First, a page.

‘Upscale’ Urbane apartments proposed for Washington Ave.

Dense plans include rooftop terrace, first-floor parking

By: Victoria Mitchell | Royal Oak Review | Published August 16, 2017


ROYAL OAK — Planning Commission members gave their unanimous approval last week for a proposed downtown apartment building, pending tweaks to developers’ plans before heading to the Royal Oak City Commission.

Plans for The Washington — which would be located at the southwest corner of South Washington and West Harrison avenues — were presented to the Planning Commission Aug. 8.

The 81,000-square-foot, three-story project includes studio, one-bedroom and two-bedroom units that developers describe as modern and upscale and utilizing premium materials.

The project would be marketed to young professionals, and building amenities would include bike storage, an elevator, lounge areas on the second and third floors, a rooftop terrace and ground-level parking. Rents would range from $1,800 to $2,500.

Despite overall support of the development, the Planning Commission identified three changes that must be made before the project makes its way to the City Commission for ultimate approval.

The contingencies included that Urbane maintains the adjacent alley; that screening between the site and immediate west would be added to block headlights shining into the neighboring basement apartments; and that developers bring back to the Planning Commission a building design that would mask the ground-level parking.

“I find the ground-level parking, even with the screening that is offered on Washington, unacceptable,” said Sharlan Douglas, mayor pro tem and planning commissioner.

Douglas said Washington Avenue is an important main street in the downtown and a thoroughfare that developers are interested in right now.

Planning Commissioner Eric Klooster agreed, saying that to have no retail or other features on the first floor is hard to overcome — a thought echoed by fellow Planning Commissioner Dan Godek.

“You’re talking about ‘revitalizing’ and ‘urban’ and all of these cool words, but when I drive up and down Washington, and I look at eye level, I’m going to see a parking lot, a surface lot that has some less-than-adequate screening on it,” Godek said of the first plans submitted.

The development team consisting of Gabe Rubin, of Selective Acquisition & Development Co. LLC; Mark Abanatha, of Alexander V. Bogaerts & Associates; and Eric Brown, of Urbane Apartments, said they would revamp their plans.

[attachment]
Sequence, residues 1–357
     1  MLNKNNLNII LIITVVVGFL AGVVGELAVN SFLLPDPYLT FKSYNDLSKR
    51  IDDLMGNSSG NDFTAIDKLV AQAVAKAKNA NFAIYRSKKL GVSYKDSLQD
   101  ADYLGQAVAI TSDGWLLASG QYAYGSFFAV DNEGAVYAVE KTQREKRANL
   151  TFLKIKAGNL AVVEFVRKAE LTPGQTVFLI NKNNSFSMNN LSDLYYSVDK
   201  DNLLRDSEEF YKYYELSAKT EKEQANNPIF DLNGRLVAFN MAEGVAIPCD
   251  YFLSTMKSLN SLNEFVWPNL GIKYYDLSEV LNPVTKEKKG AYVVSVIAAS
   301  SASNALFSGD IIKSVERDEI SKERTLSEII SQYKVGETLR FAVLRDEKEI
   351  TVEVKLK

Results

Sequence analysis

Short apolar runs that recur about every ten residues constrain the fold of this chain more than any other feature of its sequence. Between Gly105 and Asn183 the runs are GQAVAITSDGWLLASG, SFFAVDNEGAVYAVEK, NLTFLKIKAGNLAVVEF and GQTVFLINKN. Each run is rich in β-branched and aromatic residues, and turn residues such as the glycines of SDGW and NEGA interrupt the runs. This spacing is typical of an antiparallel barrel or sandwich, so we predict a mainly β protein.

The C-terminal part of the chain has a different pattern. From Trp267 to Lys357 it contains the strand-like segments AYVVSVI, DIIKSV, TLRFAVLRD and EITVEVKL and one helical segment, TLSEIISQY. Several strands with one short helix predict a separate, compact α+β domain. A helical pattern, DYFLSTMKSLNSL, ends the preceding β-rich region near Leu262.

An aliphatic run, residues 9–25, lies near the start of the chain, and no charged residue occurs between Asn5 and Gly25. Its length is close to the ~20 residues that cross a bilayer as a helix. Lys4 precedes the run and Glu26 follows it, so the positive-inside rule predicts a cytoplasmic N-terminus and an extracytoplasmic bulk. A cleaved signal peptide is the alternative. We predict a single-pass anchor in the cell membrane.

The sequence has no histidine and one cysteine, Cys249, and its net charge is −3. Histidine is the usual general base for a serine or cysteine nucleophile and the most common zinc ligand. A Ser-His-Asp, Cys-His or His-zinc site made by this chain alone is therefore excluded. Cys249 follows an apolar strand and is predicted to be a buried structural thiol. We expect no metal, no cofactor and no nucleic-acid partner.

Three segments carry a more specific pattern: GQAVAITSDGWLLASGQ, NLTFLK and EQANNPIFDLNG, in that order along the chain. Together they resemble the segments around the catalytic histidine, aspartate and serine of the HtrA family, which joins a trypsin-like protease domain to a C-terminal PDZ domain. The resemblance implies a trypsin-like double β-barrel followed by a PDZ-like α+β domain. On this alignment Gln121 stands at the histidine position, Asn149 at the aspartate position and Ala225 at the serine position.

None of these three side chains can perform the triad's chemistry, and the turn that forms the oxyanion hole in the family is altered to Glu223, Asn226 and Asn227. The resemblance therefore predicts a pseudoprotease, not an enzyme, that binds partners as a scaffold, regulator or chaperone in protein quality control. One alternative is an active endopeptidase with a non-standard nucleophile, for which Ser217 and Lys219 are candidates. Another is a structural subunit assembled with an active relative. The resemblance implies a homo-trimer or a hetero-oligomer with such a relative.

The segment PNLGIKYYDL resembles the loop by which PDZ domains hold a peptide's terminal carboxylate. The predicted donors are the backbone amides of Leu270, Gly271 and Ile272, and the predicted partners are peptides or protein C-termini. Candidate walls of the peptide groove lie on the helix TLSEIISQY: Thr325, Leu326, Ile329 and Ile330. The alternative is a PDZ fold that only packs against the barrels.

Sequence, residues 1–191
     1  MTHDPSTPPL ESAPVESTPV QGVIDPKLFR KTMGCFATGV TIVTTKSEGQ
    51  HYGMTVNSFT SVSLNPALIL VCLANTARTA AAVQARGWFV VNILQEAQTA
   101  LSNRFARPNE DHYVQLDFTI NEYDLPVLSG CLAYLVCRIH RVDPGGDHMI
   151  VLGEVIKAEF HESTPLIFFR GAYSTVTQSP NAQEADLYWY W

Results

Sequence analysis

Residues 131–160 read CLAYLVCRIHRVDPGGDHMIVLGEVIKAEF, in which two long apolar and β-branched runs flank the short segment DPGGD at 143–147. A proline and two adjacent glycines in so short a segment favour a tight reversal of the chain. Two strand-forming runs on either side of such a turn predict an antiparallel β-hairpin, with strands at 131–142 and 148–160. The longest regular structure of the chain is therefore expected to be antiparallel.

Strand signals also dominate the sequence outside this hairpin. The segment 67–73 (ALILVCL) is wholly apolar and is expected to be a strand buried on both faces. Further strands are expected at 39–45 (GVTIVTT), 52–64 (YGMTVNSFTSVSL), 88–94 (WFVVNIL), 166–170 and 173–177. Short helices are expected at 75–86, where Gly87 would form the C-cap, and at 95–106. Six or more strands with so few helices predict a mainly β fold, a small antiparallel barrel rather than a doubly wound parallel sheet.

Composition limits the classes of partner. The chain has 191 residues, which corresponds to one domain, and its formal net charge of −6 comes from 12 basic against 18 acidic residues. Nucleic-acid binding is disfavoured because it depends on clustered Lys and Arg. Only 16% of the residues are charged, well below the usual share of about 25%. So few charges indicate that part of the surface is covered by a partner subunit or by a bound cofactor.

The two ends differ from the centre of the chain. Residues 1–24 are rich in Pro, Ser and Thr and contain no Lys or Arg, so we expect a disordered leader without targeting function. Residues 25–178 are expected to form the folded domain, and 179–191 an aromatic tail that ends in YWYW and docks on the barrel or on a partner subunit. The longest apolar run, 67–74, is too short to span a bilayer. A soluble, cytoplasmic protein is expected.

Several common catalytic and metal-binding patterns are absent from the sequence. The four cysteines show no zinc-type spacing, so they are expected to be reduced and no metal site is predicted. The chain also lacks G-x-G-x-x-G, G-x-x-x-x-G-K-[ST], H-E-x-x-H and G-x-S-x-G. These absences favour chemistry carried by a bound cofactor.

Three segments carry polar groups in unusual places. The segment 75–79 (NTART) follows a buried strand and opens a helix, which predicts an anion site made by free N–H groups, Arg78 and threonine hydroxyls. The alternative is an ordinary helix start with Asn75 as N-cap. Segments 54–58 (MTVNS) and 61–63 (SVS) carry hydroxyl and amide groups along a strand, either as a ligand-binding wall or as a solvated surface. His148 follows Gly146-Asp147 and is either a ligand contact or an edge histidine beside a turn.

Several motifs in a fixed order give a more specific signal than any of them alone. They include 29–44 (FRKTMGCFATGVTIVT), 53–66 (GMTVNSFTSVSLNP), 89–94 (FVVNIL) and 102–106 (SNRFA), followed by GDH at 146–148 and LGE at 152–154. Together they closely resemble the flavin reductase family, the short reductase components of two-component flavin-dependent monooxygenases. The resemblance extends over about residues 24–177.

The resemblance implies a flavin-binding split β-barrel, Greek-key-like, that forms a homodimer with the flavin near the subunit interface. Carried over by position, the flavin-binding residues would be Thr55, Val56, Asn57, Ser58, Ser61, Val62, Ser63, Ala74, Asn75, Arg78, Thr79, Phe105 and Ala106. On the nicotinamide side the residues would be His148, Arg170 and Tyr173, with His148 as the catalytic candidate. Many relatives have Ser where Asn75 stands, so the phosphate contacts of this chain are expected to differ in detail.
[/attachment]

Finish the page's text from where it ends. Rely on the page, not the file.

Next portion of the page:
The team requested approval from the Planning Commission to change the zoning on the property from mixed use to planned unit development.

Deviations from mixed-use zoning requirements requested included having the building abut the street when existing ordinances require a 10-foot setback; reaching 36 feet tall instead of 30 feet; offering 36 parking spaces instead of the required 52; and including 26 units instead of four.

Commissioners who voiced their opinions did not have a problem with the number of required parking spaces or the density of the project.

“We as a commission have been supporting more urban, dense developments in this part of the city,” Douglas said.

Douglas explained that the city commissioned a study in the past year that clearly states this is the type of housing in demand right now in Royal Oak. She said the study showed that young people will forgo living space to reside in an urban, walkable community near a downtown.

“This is the form that I support,” she said. “I want to see more of this, and I think this part of our city is ripe for it.”

Douglas said she loves the stormwater recycling idea presented by the developers.

The plans show that two tanks would be placed underground as a stormwater basin, and then the collected water would be retrieved by tanker trucks to water Urbane’s other properties and could also be available for city use.

Brown said Urbane owns and operates about a dozen apartment complexes in Royal Oak.

“We’re real excited about it, and we think that it just makes a lot of sense in that whole Washington corridor to have more dense housing there,” he said.

A handful of nearby property owners spoke during the public comment portion of the meeting to express their overall support for the project, with the exceptions of concerns with a lack of parking, the density of the project and a rooftop deck.

“I am totally against the rooftop,” said West Harrison property owner Tony Snow.

Snow said he rents to young professionals, and from his experience, he thinks it is a recipe for a party at 2 a.m.

Rubin said the team has been working hard on this project.

“I love Royal Oak, I believe in it, and as it relates to this specific development, our goal is to revitalize the entire Washington Avenue corridor, so this is the start of that revitalization,” he said.